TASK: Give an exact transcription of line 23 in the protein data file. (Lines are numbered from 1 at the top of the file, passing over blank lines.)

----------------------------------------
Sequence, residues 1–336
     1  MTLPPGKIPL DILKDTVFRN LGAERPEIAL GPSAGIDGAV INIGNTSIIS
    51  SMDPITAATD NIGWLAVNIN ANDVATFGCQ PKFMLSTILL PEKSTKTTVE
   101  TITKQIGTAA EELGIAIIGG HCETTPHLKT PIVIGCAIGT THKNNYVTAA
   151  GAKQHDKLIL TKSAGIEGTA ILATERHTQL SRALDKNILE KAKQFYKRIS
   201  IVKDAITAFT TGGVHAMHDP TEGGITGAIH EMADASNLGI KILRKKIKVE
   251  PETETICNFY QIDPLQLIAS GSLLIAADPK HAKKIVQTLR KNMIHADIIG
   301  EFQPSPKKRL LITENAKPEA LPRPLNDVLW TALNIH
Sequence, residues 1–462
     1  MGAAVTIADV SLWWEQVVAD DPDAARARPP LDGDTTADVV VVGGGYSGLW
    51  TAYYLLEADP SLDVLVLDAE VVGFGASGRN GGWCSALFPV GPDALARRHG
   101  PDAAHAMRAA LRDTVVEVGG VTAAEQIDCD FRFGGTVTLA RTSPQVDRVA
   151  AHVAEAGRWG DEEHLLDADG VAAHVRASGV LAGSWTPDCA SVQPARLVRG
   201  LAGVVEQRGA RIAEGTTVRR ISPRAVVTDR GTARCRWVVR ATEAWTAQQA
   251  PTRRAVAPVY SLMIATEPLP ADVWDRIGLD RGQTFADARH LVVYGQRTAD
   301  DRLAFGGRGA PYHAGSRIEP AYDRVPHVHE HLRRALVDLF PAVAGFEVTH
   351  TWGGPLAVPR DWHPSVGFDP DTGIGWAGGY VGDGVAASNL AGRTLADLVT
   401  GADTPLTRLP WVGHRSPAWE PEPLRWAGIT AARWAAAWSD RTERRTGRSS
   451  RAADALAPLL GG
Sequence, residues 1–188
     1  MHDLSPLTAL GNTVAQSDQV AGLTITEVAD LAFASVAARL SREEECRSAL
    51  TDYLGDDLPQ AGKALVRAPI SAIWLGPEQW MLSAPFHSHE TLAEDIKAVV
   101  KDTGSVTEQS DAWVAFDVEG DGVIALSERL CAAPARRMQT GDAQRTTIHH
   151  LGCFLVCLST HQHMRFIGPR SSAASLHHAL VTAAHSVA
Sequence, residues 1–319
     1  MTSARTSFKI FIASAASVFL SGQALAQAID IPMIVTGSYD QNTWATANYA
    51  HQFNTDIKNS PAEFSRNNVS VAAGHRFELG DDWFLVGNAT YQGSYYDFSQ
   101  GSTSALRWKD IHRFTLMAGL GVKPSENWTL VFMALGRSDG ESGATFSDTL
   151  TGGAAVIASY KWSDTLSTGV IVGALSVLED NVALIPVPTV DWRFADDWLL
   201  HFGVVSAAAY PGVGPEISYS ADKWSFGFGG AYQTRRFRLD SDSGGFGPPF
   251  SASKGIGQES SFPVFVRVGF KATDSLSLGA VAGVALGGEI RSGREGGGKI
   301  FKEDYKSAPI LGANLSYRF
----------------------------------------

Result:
   101  KDTGSVTEQS DAWVAFDVEG DGVIALSERL CAAPARRMQT GDAQRTTIHH